Hands-On Preview: Super Lemonade Factory

If there’s one thing the indie scene has proven on iOS, it’s that heavily pixelated 2D graphics are anything but obsolete. Poised to join the likes of Super Brothers: Swords and Sworcery EP and The Other Brothers in that regard is Super Lemonade Factory, due to hit the App Store in March courtesy of Initials Command.

Retro fans will readily make room for another platformer with sprites and thumping chiptunes that could have come straight from the NES era, but Lemonade stands out as one of the more avant-garde titles in that crowd. Like a good indie film, Lemonade benefits from its low budget feel because technical simplicity has shifted the developer’s focus onto what matters most. So it is that we get a game starring husband-and-wife team Andre and Liselot, who’ve freshly inherited a giant soft drink factory suspiciously set up with high walls, floating platforms, giant crates, and lots of spikes. Not to mention, they get knocked clean over by any inspector, policeman or worker they happen to bump into. Some welcoming party this has turned out to be!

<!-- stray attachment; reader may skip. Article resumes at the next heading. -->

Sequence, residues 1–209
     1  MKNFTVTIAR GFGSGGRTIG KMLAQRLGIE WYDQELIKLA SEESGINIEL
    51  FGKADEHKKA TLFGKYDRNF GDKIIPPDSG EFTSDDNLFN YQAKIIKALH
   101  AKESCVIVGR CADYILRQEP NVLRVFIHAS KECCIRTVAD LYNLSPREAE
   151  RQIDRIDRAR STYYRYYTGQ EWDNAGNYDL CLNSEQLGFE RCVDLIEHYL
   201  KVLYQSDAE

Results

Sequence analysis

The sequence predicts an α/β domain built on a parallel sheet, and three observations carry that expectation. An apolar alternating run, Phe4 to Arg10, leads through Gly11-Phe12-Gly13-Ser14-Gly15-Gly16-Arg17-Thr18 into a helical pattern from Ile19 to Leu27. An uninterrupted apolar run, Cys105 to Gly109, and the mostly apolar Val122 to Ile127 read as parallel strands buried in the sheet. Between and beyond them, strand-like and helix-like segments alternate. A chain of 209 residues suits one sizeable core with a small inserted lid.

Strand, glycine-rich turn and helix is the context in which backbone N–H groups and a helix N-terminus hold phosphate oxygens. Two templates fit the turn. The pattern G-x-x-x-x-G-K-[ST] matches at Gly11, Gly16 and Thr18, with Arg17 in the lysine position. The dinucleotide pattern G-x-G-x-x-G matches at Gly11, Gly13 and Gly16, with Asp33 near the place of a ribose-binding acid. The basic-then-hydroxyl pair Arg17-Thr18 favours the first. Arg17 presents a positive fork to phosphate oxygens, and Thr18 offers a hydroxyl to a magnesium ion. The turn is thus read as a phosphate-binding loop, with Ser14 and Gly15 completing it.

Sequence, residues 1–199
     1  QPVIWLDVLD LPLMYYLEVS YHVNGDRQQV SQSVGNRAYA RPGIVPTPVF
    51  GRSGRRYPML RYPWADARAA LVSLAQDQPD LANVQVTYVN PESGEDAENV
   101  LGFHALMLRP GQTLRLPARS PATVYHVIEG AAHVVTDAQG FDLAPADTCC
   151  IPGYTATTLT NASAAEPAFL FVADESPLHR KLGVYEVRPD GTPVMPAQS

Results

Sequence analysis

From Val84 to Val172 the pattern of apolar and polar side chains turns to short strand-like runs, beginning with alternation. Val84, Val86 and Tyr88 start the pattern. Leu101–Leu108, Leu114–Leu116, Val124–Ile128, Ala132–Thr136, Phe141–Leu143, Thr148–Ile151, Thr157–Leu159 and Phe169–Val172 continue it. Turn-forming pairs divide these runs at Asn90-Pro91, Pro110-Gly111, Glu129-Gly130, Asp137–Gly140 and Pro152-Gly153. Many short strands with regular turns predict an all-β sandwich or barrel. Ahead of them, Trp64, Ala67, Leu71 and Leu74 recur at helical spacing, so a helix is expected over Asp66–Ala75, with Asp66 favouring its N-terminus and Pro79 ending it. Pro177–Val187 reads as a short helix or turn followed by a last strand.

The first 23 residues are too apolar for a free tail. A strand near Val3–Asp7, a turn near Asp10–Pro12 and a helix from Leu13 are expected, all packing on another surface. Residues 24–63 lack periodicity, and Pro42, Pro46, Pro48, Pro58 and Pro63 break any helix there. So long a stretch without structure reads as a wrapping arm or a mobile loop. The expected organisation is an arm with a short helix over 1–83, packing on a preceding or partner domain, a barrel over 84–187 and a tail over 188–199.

Andre and Liselot have to rely on teamwork if they’re to make their way from the factory’s warehouse to its management office and assume command. Switching between them on-the-fly with a swipe at the touchscreen, the player makes use of Liselot’s double jump and Andre’s ability to shoulder through giant crates to resolve challenges one or the other isn’t suited for. Advanced levels feel like tightly wound knots; much of the challenge lies in getting one or the other un-stuck, and once they’re united the rest of the dominoes fall in due course. In a very nice touch, Liselot can stop enemies for a chat that serves two purposes: a quick swipe lets the player take control of Andre and sneak by in a pinch, while the paused enemy’s text bubble reveals something about Lemonade’s Cold War-era game world.

If the screenshot from our playthrough of the beta doesn’t convince you just how retro this game feels, a quick listen to the soundtrack composed by Easyname definitely will! It’s a hard-hitting set of chiptunes that lends the game a way more exciting atmosphere than you’d expect to find in the innards of a glorified soft drink factory. Initials Command has even called on a talented voice actor to add some more audio power to cutscenes with incredible results.

We’ll have a full review of Lemonade once it lands in the App Store, but you can find lots more details on the official website and keep an eye on Initials Command’s Twitter feed for the latest news. Oh heck, just go and play it in your web browser – and design some levels for an upcoming contest – here if you’re curious!